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Transition management provider of the year: Northern Trust

Transition management provider of the year: Northern Trust

As pension plans increasingly focus on the underlying costs and fees involved in managing their money, opportunities for transitions have shifted. Northern Trust is standing out by offering customised transition solutions for clients and stakeholders in an evolving landscape

David McPhillips, Northern Trust
David McPhillips

The shift from active to passive management has been one of the biggest trends of the past few years – ballooning the assets of passive managers and reducing the fund sizes of those more inclined to pick individual securities to generate alpha.

That trend has also had an impact on transition management. Northern Trust, named this year’s transition management provider of the year at the Custody Risk Global Awards, has witnessed a consolidation in the number of transitions per year. Yet, whereas the amount of transitions has declined, the complexity, size of events and number of people involved has risen. 

“The broad trend we’ve come across is a substantial increase in the level of complexity of the transitions we work on,” says David McPhillips, transition management strategist at Northern Trust.

“If I think of the early days in this space, the events were largely vanilla – that is, terminating one manager for another. Now the events rely on multiple managers, both on the legacy and the target side; there are a lot more stakeholders at the table, as well as more co-ordination and project management. Northern Trust is also acting to provide more customised solutions for clients and stakeholders.” 

These large events now generally display two key characteristics, he says. The first is where a big pension plan with multiple billions of dollars in assets under management hires a firm such as Northern Trust to transition those large portfolios, and the second is where there are a lot of moving parts. 

For example, if a corporate pension plan with numerous investments decides to consolidate that number or restructure across asset classes, there tend to be a lot more investment managers involved – in some cases stretching to 10 or more.

“Our bread and butter at Northern Trust is project management and organisation, so the changing landscape plays into our expertise. The more complex a transition gets, the more it draws on our expertise,” says McPhillips. 

The changes affecting the industry are tied to the broad consolidation in the marketplace, as the fees being charged by investment managers and the transparency around that process have been put in the spotlight, particularly in the wake of the second Markets in Financial Instruments (Mifid II) legislation, which came into effect in January last year.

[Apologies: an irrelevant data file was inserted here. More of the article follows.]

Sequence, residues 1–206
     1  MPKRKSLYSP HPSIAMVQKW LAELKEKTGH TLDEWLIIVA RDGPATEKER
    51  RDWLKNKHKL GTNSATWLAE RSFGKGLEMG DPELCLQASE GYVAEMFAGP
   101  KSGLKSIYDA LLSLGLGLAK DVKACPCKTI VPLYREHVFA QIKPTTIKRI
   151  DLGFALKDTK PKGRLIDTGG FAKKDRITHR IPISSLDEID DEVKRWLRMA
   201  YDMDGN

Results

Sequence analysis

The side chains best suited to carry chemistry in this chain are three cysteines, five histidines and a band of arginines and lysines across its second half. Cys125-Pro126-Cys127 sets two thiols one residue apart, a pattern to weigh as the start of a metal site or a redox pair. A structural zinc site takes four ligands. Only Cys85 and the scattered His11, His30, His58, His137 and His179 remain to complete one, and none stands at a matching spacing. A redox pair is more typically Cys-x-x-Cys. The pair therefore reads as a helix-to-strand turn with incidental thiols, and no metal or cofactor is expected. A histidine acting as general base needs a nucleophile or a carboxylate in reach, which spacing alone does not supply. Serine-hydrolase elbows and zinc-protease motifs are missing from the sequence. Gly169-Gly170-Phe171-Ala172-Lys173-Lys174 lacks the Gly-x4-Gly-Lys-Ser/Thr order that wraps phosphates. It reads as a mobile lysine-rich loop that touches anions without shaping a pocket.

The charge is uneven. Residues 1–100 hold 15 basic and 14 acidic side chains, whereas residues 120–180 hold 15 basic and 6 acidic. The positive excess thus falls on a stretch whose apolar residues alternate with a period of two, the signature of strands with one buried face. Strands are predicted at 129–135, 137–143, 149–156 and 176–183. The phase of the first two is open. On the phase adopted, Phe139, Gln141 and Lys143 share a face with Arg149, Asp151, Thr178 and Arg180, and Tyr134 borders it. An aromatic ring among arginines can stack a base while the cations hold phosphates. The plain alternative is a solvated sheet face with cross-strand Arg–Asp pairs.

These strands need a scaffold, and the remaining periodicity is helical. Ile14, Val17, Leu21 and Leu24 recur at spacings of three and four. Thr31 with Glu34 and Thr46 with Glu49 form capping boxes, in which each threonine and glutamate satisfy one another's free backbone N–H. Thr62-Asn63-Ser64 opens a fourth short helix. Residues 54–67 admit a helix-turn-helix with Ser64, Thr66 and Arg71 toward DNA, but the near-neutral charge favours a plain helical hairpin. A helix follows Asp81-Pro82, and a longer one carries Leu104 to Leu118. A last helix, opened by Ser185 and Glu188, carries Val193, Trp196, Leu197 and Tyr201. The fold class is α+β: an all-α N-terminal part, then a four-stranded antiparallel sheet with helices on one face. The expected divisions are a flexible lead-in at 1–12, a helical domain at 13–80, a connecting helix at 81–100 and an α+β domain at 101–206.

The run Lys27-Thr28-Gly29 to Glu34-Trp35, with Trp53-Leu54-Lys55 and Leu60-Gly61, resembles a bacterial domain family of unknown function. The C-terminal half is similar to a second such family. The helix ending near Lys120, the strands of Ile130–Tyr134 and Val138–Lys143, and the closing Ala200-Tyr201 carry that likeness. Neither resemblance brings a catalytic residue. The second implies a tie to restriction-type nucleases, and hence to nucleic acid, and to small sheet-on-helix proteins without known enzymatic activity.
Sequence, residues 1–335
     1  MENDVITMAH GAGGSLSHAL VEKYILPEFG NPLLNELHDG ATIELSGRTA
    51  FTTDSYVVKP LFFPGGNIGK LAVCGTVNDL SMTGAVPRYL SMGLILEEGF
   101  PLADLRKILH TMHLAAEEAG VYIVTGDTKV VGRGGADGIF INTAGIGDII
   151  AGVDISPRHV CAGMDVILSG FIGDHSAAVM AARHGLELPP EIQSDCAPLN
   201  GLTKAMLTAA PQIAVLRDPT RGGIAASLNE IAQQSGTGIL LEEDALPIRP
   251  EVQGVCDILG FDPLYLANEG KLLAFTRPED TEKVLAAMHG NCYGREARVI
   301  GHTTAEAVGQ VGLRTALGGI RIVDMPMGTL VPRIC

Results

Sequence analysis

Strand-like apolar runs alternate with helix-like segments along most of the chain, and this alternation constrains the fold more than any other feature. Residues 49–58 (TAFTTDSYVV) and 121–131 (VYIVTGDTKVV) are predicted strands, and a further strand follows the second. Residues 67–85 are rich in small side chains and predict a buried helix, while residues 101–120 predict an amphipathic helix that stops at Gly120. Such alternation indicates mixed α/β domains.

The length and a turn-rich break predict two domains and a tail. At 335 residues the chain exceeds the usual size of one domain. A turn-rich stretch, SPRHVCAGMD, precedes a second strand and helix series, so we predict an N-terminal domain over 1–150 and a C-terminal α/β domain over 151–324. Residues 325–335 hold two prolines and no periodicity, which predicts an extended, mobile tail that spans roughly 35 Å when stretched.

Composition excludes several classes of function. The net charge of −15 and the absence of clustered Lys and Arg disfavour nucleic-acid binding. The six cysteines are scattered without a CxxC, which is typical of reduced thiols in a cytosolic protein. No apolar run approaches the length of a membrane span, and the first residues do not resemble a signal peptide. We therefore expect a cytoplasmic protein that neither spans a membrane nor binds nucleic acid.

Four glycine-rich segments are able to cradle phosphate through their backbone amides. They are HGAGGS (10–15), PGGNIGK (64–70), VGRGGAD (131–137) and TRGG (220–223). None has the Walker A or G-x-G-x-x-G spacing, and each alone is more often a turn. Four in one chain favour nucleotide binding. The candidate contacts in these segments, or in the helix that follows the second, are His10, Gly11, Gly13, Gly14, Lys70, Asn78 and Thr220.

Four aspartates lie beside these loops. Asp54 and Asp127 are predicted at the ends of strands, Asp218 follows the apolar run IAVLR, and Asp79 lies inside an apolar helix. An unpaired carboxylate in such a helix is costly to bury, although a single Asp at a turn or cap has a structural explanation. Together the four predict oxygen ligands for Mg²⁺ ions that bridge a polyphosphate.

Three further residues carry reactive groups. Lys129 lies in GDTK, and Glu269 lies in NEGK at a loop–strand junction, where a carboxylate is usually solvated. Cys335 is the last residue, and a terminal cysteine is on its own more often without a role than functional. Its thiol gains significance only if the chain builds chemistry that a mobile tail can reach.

Custody Risk Global
Awards 2018

Northern Trust
Transition management provider of the year
Custodian of the year UK & Ireland

In the past, a pension plan could have had around 40 investment managers running the firm’s equities assets but, in a post-Mifid II world, pension plans are now more incentivised to focus on the underlying costs and fees involved in managing their money. This has seen the number of investment managers hired by the plan decrease to a handful – fewer money managers means fewer opportunities for transitions. 

“There is much more movement towards best-in-class managers for any given asset class,” says McPhillips, who explains this has happened in UK local government pension plans. “Rather than having myriad investment managers managing money on behalf of numerous local government authorities, they decided to consolidate that within pools and narrow the scope and oversight of those managers. That broad theme is going to exist across pension plans and other asset pools in the near future.” 

Despite the consolidation going on in the industry, Northern Trust has managed to separate itself from the pack thanks to continued investment in the space to provide a deeper offering to clients. 

The firm’s acquisition of Aviate Global in 2016 helped to expand its global trading capabilities, and the benefits of the acquisition are coming to the fore.

The business now has a number of traders sitting in London assisting its transition management desk in the UK and the rest of Europe, the Middle East and Africa (Emea). 

“Transition management was a strategic priority for Northern Trust in Emea, and it has helped immensely with our trade execution part of the transition cycle. While the equities world is largely electronic, having fixed income bond traders on hand in the region with local relationships has accelerated our product exponentially,” says McPhillips. 

Northern Trust has also invested in its transition management franchise with the 2017 appointment of industry veteran Craig Blackbourn as its Emea head, along with several new hires to the team.

On top of that, Northern Trust has configured its Transaction Cost Analysis tools for pre- and post-trade. 

McPhillips says: “We’ve spent time making them more customisable for clients because they need to see data that fits with their reporting preferences. It’s a good example of how we’re a bit more nimble than some larger firms – we have the size, scale and technology, but we’re not encumbered by a slow-moving organisation.” 

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